ANA Patterns-Nuclear Patterns
Code Pattern Previous Nomenclature Description
Nuclear homogeneous

Homogeneous and regular fluorescence across all nucleoplasm. The nucleoli maybe stained or not stained depending on cell substrate. Mitotic cells (metaphase, anaphase, and telophase) have the chromatin mass intensely stained in a homogeneous hyaline fashion.

Nuclear dense fine speckled

Speckled pattern distributed throughout the interphase nucleus with characteristic heterogeneity in the size, brightness and distribution of the speckles. Throughout the interphase nucleus, there are some denser and looser areas of speckles (very characteristic feature). The metaphase plate depicts strong speckled pattern with some coarse speckles standing out.


Discrete coarse speckles (40-80/cell) scattered in interphase cells and aligned at the chromatin mass on mitotic cells. e.g. anti-CENP-B                        

Nuclear fine speckled
fine granular

Fine tiny speckles across all nucleoplasm. The nucleoli may be stained or not stained. Mitotic cells (metaphase, anaphase, and telophase) have the chromatin mass not stained. e.g. anti-SS-A/Ro, anti-SS-B/La     

Nuclear large/coarse speckled
spliceosome/nuclear matrix

Coarse speckles across all nucleoplasm. The nucleoli may be stained or not stained. Mitotic cells (metaphase, anaphase, and telophase) have the chromatin mass not stained. e.g. anti-Sm, anti-U1 RNP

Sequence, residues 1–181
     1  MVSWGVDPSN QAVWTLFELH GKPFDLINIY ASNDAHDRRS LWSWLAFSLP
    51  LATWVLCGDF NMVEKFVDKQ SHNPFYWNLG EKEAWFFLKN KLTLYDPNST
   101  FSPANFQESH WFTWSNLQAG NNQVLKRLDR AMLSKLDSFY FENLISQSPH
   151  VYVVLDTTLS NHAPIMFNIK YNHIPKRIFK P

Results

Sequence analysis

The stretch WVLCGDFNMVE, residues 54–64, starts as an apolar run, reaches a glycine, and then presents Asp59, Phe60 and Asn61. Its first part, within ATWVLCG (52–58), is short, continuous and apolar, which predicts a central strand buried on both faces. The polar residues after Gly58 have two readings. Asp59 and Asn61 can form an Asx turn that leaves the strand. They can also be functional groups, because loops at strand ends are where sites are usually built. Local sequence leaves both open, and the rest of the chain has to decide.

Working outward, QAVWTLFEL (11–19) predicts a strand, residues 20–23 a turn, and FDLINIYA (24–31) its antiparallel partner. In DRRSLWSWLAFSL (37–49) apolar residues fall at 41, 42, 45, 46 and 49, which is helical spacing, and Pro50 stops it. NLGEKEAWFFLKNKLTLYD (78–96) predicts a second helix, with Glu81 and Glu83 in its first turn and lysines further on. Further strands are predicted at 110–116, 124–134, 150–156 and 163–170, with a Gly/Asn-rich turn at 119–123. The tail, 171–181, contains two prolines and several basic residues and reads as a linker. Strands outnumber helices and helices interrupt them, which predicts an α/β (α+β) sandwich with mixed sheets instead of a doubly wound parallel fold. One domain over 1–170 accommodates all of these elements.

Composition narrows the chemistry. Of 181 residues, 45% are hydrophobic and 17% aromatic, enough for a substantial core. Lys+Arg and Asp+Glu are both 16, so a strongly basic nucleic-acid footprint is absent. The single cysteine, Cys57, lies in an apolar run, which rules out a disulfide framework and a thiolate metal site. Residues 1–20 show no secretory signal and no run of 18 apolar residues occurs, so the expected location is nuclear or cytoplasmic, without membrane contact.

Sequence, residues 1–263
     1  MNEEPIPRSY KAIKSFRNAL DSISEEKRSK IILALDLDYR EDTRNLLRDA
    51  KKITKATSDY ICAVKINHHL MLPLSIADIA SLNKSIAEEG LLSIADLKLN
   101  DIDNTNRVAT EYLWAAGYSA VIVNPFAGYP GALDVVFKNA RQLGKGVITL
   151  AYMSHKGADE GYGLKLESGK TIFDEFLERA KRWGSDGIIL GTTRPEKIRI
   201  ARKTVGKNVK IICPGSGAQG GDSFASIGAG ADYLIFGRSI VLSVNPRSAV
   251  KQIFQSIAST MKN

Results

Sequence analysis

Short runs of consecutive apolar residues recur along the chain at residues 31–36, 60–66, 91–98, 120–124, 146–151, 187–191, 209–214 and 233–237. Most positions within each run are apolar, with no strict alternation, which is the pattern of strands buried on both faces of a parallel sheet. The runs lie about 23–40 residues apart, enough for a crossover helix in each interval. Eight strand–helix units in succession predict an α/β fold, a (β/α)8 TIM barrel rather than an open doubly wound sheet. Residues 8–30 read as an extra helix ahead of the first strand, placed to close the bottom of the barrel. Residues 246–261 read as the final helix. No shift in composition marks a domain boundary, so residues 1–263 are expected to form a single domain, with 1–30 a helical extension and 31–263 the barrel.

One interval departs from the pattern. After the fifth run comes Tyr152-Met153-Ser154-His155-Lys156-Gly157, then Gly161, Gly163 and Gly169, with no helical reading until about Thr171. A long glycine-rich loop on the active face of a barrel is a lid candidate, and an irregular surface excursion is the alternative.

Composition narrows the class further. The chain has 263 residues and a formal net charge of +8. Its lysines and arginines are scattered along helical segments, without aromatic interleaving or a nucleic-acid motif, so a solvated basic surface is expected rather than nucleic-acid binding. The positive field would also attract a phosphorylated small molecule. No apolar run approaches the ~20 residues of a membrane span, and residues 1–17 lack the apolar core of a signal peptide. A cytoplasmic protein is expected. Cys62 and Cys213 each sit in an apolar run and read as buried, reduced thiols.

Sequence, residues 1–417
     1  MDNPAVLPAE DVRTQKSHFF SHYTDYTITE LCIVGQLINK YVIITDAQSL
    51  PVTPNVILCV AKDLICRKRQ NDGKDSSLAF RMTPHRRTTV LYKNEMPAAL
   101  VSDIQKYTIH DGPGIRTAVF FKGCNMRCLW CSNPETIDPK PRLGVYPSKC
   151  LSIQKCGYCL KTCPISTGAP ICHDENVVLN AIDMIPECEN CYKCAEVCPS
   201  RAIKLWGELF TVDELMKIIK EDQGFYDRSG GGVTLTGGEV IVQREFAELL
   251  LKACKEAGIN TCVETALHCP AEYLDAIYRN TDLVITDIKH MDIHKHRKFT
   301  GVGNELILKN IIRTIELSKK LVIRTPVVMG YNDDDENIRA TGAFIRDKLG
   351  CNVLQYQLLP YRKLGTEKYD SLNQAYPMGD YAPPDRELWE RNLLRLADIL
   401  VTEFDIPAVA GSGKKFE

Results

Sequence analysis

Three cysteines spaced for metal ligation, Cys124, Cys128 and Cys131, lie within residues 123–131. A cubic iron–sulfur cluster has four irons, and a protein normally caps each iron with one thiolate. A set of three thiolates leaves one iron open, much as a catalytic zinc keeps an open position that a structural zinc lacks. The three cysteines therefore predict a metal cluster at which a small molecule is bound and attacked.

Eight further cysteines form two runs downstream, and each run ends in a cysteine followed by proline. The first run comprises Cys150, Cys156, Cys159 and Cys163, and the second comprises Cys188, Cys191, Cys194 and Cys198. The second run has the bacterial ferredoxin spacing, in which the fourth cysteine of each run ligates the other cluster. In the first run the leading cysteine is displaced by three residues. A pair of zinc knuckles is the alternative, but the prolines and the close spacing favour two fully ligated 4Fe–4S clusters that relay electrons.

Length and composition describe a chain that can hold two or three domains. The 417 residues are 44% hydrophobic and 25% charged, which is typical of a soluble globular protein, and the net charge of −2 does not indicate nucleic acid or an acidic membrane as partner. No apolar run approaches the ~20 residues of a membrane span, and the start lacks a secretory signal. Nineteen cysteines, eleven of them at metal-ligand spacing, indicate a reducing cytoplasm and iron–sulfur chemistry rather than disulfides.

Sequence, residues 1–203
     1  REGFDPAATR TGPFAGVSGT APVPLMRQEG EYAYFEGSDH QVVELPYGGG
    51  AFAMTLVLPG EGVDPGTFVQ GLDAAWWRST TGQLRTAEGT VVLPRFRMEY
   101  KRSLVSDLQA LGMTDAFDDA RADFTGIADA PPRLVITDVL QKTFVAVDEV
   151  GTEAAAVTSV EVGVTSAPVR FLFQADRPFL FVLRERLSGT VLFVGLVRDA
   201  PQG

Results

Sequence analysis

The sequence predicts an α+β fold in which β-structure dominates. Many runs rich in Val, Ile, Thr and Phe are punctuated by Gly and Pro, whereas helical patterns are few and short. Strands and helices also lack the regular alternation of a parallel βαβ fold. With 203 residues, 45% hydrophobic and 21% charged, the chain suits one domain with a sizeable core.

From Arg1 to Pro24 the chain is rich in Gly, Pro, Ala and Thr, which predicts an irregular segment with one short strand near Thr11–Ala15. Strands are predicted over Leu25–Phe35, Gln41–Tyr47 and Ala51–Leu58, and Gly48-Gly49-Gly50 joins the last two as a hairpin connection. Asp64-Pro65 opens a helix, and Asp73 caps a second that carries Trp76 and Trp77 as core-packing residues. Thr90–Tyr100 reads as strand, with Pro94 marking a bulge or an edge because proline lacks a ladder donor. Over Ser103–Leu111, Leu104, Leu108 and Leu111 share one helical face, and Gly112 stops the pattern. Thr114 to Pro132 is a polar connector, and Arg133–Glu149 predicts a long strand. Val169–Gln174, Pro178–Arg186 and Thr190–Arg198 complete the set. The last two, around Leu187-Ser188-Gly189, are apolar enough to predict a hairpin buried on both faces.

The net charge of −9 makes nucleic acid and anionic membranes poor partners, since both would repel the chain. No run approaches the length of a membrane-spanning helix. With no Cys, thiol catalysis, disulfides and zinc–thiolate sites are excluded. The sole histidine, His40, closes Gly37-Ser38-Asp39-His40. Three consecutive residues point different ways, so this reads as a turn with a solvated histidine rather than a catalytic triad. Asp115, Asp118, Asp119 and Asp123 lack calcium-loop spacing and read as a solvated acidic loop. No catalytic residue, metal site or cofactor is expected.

Multiple nuclear dots
6-20 nuclear dots, NSpI, PML bodies

Countable discrete nuclear speckles (6 to 20 nuclear dots/cell). e.g. SP-100                        

Few nuclear dots
1 to 6 nuclear dots, coiled body, Cajal bodies

Countable discrete speckles (1 to 6 nuclear dots/cell in most cells). These are known as Cajal bodies or coiled bodies. e.g. anti-p80-coilin                        

Homogeneous nucleolar

Diffuse fluorescence of the entire nucleolus, while the metaphase plate shows no staining. e.g. anti-PM-Scl, anti-Th/To.                        

Clumpy nucleolar

 Irregular staining of the nucleoli and Cajal bodies with a peri-chromosomal staining at the metaphase plates. e.g. anti-fibrillarin.                        

Punctate nucleolar
nucleolar speckled

Densely distributed but distinct grains seen in the nucleoli of interphase cells. In metaphase cells, up to 5 bright pairs of the nucleolar organizer regions (NOR) can be seen within the chromatin body. The cytoplasm of mitotic cells may be slightly positive. e.g. anti-NOR-90, anti-RNA polymerase I

Smooth nuclear envelope
nuclear rim, nuclear membrane, membranous

Homogeneous staining of the nucleus with greater intensity at its outer rim and no staining at the metaphase and anaphase chromatin plates. There is a peculiar accentuation of the fluorescence at the points where adjacent cells touch each other. e.g. anti-lamin B.

Punctate nuclear envelope
nuclear membrane pores

Nuclear envelope reveals a punctate staining in interphase cells, with accentuation of fluorescence at the points where adjacent cells touch each other. No staining of the metaphase and anaphase chromatin plates. e.g. anti-gp210.


Pleomorphic speckled nucleoplasmic staining, with variability in size and brightness of the speckles. In interphase, some cells are negative (G1 phase), some are intensely stained (S-phase) and some present rare and scattered speckles with occasional nucleolar staining (late S and early G2 phases). Mitotic cells are not stained.